Crockpot BBQ Pork Chops

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In the weeks leading up to our wedding, I found myself gravitating toward articles dealing with advice for having a long-lasting marriage. Don’t get me wrong, I have no interest in the arbitrary marker of time-spent as the only indicator of “success.” Just because two people have been married for decades does not necessarily mean they had a successful marriage. But the thought of getting it right the first time and in finding out at the end of that long road that Mr. Foodie and I “got lucky” holds a massive appeal for me. And like the academic, type-A person I am, I figured I should “study” for it lol

One piece of controversial advice that stood out was how to deal with household chores. Let’s start with the assumption that you don’t have a strict gender-based division of household duties. Where do you go from there? Some suggest that you divide up all tasks equally to avoid unequal distribution of chores — the idea being that both partners contribute equally to the household for a more balanced relationship. While the regimental nature of this proposal appeals to my personality, I can also see where it might fall short of its potential for marital harmony. This is why I was pleased to find a counter-suggestion which is that both partners should do all the chores. While this might seem strange to implement in reality, I realized that Mr. Foodie and I have been doing this all along. We both wash dishes. We both fold laundry (but I do bathroom towels better ;)). We both cook. We both change light bulbs and take out the trash. Essentially, we do the things that need doing and *usually* within a practical time frame. Now that I’m mulling it over, it makes no sense that I should have to stand around stamping my feet, waiting for John to change a light bulb when I’m perfectly capable of doing it myself. Similarly, he should not have to wait on me to cook when he’s hungry. A lot of tasks we do together. He takes the trash out, but I replace the liner. I load the dishwasher, and he empties it. And, as you know, dear readers, we love cooking together :).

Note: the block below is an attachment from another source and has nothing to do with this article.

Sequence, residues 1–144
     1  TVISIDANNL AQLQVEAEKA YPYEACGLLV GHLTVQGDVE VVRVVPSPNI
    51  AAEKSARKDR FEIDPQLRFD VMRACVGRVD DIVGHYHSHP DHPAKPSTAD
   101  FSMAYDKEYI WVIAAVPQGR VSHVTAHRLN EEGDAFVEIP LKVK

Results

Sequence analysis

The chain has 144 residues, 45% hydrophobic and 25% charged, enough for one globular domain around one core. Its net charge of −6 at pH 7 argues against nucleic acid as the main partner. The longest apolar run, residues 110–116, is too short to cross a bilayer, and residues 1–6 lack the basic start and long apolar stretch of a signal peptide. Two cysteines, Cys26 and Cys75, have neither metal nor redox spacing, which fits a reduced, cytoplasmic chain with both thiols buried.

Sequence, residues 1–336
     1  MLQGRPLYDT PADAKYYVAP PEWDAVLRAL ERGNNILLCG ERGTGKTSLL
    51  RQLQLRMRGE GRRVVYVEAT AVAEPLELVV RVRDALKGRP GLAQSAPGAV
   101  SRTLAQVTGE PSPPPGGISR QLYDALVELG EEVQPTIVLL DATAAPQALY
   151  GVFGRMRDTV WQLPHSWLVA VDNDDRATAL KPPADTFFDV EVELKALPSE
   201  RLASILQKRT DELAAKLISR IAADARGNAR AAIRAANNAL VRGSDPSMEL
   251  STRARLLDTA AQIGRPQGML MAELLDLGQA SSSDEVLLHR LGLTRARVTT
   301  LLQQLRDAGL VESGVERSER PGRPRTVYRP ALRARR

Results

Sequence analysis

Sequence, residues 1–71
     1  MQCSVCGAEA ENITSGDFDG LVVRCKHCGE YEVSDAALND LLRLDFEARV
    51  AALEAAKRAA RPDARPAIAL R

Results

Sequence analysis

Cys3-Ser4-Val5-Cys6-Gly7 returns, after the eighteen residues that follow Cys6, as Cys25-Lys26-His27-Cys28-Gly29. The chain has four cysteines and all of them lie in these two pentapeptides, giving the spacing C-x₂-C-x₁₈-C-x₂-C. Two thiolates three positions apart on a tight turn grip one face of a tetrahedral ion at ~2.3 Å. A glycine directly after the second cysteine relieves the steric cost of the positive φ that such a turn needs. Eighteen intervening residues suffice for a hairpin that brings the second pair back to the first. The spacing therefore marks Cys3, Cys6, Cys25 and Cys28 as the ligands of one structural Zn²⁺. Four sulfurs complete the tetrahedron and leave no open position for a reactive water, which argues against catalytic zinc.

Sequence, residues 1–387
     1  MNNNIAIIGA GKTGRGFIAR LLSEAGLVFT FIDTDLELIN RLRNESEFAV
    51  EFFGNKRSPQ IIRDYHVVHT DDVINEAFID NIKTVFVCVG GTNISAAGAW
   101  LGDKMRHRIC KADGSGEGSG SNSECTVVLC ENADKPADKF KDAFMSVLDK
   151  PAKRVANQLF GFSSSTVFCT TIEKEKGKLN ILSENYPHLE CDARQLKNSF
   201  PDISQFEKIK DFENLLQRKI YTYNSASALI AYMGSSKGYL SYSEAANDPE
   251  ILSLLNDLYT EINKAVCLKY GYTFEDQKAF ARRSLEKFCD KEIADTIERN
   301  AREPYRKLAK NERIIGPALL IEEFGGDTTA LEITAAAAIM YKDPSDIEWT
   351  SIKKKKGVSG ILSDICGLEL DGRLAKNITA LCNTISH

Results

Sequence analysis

The real reason I like this piece of advice is it prevents a lot of built-up resentment. I could picture myself passive-aggressively staring at a pile of unfolded laundry waiting to be folded because it isn’t “my” chore to do, but I still want it done. I think whatever your system is, if it is coming from a place of profound consideration for your partner and the home you share, then you’re doing the right thing. Mr. Foodie doesn’t pack my lunch every morning because I can’t do it myself or because I expect him to do it, but because he loves me and wants to make sure I don’t run out of the house without things I need to make my day go smoothly. Being considerate is just plain nice as well as, I suspect, a key ingredient to a long-lasting marriage. Check back with me in 50 years and I’ll let you know ;).